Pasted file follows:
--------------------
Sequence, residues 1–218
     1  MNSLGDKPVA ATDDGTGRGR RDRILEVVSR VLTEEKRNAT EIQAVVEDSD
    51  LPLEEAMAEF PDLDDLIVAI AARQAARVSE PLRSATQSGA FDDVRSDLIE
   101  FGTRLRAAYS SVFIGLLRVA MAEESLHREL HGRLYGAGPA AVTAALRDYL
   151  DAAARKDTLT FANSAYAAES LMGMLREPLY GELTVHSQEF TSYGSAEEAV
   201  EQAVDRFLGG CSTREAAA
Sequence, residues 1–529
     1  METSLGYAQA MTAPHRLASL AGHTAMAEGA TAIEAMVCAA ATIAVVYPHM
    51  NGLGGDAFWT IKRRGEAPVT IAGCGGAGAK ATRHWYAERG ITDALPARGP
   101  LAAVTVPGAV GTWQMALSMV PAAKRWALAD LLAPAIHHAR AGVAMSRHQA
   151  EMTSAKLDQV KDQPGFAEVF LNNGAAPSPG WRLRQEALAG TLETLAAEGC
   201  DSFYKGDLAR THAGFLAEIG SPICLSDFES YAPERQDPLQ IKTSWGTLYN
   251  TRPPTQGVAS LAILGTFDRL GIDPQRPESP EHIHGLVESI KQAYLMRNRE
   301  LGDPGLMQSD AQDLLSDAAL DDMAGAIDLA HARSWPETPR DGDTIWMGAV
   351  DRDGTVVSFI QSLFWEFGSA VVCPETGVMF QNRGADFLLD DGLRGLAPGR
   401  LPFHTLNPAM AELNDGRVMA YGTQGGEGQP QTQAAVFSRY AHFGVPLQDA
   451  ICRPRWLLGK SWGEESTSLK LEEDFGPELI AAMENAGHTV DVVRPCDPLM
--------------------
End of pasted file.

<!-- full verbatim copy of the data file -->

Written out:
Sequence, residues 1–218
     1  MNSLGDKPVA ATDDGTGRGR RDRILEVVSR VLTEEKRNAT EIQAVVEDSD
    51  LPLEEAMAEF PDLDDLIVAI AARQAARVSE PLRSATQSGA FDDVRSDLIE
   101  FGTRLRAAYS SVFIGLLRVA MAEESLHREL HGRLYGAGPA AVTAALRDYL
   151  DAAARKDTLT FANSAYAAES LMGMLREPLY GELTVHSQEF TSYGSAEEAV
   201  EQAVDRFLGG CSTREAAA
Sequence, residues 1–529
     1  METSLGYAQA MTAPHRLASL AGHTAMAEGA TAIEAMVCAA ATIAVVYPHM
    51  NGLGGDAFWT IKRRGEAPVT IAGCGGAGAK ATRHWYAERG ITDALPARGP
   101  LAAVTVPGAV GTWQMALSMV PAAKRWALAD LLAPAIHHAR AGVAMSRHQA
   151  EMTSAKLDQV KDQPGFAEVF LNNGAAPSPG WRLRQEALAG TLETLAAEGC
   201  DSFYKGDLAR THAGFLAEIG SPICLSDFES YAPERQDPLQ IKTSWGTLYN
   251  TRPPTQGVAS LAILGTFDRL GIDPQRPESP EHIHGLVESI KQAYLMRNRE
   301  LGDPGLMQSD AQDLLSDAAL DDMAGAIDLA HARSWPETPR DGDTIWMGAV
   351  DRDGTVVSFI QSLFWEFGSA VVCPETGVMF QNRGADFLLD DGLRGLAPGR
   401  LPFHTLNPAM AELNDGRVMA YGTQGGEGQP QTQAAVFSRY AHFGVPLQDA
   451  ICRPRWLLGK SWGEESTSLK LEEDFGPELI AAMENAGHTV DVVRPCDPLM